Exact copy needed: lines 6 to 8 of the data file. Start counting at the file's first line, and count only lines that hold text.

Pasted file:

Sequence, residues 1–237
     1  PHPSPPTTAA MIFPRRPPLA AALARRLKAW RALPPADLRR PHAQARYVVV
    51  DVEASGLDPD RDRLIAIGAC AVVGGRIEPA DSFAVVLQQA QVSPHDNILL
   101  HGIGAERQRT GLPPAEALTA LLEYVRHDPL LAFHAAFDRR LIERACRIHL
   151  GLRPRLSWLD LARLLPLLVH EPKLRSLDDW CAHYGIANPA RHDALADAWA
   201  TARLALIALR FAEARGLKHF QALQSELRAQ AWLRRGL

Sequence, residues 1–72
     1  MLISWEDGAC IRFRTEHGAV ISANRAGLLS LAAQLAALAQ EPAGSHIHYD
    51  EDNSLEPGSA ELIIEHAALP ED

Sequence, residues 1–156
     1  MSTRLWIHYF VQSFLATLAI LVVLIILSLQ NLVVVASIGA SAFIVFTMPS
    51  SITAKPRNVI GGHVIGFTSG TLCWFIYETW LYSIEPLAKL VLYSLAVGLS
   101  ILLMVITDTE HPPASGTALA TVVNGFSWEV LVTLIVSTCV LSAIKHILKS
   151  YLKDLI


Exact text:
   201  TARLALIALR FAEARGLKHF QALQSELRAQ AWLRRGL

Sequence, residues 1–72
     1  MLISWEDGAC IRFRTEHGAV ISANRAGLLS LAAQLAALAQ EPAGSHIHYD